Perhaps you wrote for your story idea, “plans are moving forward to build a new vocational training center, the land and building permits are acquired, footers have been poured, and about half of the support for the building has been raised.”

What would the news hook here be?  “Hundreds to benefit from new vocational training center being built in one of Africa’s most notorious slums.”
Now go deep by analyzing each story idea in greater detail. Put each story idea on a separate piece of paper, or on a separate “page” in MS-word.

Comb thru the reports to find an example of a client who could benefit from this center being available. Let people see the possibility that exists for life change to happen through this center. Are there numbers that illustrate how desperately this is needed? The bricks and mortar are just tools to help people. Keep the focus on the people whose lives will be changed if this project can be realized. Find one person who can be used as an example.

“Jonas finished primary school at age 12 and he dreams of a life outside the slumh. Without a skilled trade, he faces a life of poverty living on a garbage pile in one of the world’s most notorious slums. He will have the same life of his parents and more than 250,000 people who live in squalor in the xyz slum – one of struggle and heartache.
Now relate his story to the project.

Being able to go to the vocational center and train to become a carpenter, will give Jonas the skills he needs to earn a decent living, help his family, and eventually in adulthood support a family. The new vocational center can give hope to 500 children like Jonas every year who are seeking a life outside the vicious circle of poverty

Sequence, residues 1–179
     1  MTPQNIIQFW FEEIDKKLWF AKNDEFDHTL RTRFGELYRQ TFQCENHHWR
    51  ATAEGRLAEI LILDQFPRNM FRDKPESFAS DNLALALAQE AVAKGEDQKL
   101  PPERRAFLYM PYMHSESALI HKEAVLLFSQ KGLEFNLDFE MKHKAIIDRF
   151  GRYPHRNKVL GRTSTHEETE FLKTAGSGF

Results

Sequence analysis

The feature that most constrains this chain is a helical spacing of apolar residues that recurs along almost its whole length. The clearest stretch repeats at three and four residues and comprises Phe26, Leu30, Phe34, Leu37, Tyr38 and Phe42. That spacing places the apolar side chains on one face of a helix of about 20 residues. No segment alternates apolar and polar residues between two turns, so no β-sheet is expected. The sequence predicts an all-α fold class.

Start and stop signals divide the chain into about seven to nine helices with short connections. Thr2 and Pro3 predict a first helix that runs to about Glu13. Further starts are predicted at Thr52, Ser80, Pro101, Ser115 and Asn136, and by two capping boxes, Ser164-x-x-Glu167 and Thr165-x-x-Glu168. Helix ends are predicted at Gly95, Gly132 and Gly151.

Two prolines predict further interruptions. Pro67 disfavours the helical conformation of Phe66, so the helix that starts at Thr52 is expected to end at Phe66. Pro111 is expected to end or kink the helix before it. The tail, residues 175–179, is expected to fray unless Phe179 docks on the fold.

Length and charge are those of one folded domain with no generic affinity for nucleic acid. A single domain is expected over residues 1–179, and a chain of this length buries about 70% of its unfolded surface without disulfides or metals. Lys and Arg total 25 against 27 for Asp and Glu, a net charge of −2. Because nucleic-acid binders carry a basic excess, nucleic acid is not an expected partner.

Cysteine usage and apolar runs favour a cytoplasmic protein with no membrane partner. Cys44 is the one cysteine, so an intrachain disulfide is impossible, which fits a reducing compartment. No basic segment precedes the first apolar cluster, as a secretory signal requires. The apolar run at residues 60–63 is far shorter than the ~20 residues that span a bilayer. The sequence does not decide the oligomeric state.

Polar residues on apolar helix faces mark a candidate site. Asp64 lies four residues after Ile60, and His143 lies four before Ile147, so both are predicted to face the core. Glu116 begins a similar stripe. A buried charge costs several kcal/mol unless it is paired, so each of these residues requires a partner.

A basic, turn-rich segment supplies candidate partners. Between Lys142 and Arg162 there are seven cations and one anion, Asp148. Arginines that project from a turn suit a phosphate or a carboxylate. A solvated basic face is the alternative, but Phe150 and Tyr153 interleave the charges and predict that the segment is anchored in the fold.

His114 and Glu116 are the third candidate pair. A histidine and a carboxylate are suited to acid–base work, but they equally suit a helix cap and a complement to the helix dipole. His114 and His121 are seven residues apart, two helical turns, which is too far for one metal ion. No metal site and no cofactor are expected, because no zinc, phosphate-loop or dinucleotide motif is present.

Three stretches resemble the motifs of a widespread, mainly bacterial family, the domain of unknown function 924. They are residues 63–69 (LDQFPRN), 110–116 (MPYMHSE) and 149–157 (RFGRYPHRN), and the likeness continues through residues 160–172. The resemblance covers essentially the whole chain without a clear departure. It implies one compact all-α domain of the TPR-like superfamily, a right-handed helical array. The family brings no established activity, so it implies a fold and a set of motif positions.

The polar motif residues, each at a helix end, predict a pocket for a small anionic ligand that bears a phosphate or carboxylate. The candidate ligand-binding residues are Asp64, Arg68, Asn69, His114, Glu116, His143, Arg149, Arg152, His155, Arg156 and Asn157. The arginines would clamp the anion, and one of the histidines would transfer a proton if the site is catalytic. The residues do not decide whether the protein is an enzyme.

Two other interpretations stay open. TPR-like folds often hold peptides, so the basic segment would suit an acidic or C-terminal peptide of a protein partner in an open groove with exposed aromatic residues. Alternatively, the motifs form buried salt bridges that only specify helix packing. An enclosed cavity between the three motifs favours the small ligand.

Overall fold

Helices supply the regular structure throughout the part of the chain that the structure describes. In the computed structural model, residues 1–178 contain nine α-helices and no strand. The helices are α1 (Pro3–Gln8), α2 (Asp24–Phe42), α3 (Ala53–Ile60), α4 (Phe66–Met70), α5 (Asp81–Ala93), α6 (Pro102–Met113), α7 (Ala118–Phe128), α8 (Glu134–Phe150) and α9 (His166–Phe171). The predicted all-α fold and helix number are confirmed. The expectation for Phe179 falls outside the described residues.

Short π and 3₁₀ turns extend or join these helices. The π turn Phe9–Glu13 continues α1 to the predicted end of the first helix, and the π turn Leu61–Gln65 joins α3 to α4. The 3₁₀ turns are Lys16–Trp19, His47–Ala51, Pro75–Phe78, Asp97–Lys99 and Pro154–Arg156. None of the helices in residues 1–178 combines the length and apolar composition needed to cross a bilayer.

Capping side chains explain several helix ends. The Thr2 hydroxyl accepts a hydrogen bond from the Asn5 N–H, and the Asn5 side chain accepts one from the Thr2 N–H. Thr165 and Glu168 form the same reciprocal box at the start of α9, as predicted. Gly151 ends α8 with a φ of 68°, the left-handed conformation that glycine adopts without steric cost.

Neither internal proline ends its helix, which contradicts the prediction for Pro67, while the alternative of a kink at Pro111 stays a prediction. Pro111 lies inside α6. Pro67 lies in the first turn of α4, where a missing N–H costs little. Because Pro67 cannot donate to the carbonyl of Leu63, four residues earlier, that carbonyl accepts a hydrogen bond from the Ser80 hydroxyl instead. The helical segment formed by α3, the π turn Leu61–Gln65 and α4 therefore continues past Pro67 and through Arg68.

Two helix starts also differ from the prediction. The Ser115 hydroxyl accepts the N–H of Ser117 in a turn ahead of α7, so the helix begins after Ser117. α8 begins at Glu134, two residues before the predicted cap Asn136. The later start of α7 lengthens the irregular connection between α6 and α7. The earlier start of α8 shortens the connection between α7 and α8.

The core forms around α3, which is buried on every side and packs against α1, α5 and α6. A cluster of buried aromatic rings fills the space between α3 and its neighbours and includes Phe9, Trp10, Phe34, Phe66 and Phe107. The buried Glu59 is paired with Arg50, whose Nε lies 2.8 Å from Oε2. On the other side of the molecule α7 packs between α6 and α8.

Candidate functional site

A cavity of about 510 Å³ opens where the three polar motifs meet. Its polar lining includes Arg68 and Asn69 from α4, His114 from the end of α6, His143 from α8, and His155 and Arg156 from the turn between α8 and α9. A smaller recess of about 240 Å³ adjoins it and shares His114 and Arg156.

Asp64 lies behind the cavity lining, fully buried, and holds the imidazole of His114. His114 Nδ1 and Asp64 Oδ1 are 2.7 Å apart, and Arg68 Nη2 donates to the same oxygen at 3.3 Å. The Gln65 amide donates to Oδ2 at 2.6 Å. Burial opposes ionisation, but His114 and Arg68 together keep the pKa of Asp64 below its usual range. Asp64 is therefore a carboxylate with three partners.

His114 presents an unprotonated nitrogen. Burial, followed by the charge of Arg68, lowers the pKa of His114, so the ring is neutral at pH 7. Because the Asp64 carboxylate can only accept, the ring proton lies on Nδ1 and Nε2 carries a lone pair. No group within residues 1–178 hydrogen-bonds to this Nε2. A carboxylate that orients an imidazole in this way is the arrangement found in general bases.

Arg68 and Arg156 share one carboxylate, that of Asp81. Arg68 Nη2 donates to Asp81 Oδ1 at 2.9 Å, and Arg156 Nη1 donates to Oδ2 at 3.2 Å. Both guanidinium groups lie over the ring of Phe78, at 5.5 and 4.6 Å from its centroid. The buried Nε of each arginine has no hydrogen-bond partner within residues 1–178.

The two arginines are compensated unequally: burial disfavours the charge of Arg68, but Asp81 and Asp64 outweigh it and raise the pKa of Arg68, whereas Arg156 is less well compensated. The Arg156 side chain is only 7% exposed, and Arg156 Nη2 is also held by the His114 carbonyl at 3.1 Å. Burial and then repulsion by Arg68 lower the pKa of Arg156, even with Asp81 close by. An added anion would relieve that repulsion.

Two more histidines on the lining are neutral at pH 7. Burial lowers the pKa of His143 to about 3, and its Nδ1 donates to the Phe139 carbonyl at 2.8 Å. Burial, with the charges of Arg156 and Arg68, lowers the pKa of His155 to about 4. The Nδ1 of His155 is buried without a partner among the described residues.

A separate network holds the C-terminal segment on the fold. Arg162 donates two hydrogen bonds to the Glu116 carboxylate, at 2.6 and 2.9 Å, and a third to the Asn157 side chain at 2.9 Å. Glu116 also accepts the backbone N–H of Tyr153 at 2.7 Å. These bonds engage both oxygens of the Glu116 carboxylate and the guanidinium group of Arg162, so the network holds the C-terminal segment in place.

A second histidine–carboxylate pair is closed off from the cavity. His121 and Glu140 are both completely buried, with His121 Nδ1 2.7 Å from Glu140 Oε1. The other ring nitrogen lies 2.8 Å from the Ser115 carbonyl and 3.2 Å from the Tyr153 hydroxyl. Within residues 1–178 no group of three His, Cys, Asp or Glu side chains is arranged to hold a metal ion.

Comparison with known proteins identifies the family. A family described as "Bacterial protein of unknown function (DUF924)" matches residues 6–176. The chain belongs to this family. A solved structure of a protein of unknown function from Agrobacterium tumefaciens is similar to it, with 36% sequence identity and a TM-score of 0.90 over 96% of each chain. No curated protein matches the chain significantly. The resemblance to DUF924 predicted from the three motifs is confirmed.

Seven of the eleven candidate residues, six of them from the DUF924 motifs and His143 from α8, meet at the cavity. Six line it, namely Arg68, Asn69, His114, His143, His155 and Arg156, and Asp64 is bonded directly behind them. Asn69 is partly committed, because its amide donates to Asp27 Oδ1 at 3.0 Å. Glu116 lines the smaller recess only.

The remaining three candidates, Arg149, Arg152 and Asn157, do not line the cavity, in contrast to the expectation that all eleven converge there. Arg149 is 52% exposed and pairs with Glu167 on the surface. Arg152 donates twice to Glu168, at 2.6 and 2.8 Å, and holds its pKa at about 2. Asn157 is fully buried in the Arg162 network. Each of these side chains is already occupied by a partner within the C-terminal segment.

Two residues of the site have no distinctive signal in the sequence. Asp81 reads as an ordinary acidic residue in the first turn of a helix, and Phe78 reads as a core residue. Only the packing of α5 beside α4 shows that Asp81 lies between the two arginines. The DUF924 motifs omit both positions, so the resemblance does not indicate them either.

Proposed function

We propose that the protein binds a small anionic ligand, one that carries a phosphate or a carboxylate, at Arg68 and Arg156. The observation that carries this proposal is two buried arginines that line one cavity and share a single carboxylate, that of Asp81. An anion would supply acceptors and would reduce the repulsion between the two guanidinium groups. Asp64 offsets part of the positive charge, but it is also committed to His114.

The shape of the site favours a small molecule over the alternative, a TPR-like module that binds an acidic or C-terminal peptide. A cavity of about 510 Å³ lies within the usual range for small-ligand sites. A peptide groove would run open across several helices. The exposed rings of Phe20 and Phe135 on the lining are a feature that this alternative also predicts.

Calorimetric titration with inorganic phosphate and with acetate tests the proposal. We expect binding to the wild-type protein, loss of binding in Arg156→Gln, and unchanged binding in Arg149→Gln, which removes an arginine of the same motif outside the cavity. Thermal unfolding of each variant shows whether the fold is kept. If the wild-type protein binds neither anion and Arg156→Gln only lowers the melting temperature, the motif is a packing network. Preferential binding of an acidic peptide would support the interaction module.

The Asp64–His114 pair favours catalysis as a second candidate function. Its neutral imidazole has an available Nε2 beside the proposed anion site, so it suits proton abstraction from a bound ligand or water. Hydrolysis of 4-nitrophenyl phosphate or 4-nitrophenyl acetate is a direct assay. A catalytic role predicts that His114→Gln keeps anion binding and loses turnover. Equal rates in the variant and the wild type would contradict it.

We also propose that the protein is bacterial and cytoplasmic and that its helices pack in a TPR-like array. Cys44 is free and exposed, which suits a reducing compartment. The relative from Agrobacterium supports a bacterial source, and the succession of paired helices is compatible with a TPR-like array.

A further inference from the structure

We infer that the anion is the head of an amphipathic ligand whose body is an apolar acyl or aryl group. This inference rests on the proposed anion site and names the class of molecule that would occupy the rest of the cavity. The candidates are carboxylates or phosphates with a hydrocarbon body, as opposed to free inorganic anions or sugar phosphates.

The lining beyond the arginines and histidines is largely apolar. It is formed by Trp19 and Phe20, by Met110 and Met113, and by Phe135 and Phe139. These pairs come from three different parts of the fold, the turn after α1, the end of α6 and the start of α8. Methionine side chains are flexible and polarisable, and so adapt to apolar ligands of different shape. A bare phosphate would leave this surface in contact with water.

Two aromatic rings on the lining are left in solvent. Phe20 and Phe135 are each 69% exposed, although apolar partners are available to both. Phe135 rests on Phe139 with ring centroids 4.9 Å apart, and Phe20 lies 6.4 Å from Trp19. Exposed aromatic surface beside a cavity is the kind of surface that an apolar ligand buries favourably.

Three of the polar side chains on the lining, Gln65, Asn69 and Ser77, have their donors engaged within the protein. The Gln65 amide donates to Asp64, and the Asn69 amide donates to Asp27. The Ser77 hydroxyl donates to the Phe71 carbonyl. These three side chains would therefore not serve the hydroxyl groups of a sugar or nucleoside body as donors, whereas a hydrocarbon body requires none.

.” 

To give this even more heft, add a call to action that tells people how they can help, such as “You can help by….”

Test your story ideas on someone who does not work at your organization.  If you tell them the story idea, and they say, so what? or who cares? then you know it doesn’t work. More time needs to be spent on crafting the angle that shows the story is relevant, compelling and interesting.

Fill in the details. Later in the story, you might want to add the benefits the reader/viewer will get by participating or helping the project. E.g. A quote from a representative with a trade association that is sponsoring a training room in the vocational center that talks about how good it makes its members feel to support this project. Add statistics, basic information about the project, some key quotes (avoid cardboard sounding quotes from the CEO, say something interesting) and include a boilerplate statement about your organization – and you’ve got a crafted story.

To improve your story success rate in the future, work with the program staff to improve field  reporting, so local staff send in the details you need. Are there basic details, such as a client’s first name and age, that would make the testimonials useful for news purposes, that your field staff could provide, so you don’t have to doubleback and get the information later. Are there numbers you could ask for, consistently, from every field site, for particular programs? Could a section on upcoming events or plans be added, that gives you a heads up (so you can inform the media) about future programs? Don’t make reporting onerous, but do try to get what you need for organizational storytelling on the reports.

Public relations writing, by necessity, must often be brief and to the point. But it should be compelling and tell a story. Resources to help improve your story-telling capability:

  • Wylie’s Writing Tips – an enewsletter with great tips on writing craft that challenges you to go beyond the basic “grinding out of sausage” copy and helps you harnass language for your cause.
  • How to Create a Compelling PR Story – practical advice from a business perspective, that leans a bit toward pop-culture – but is useful.

Everyone wants to know what you think.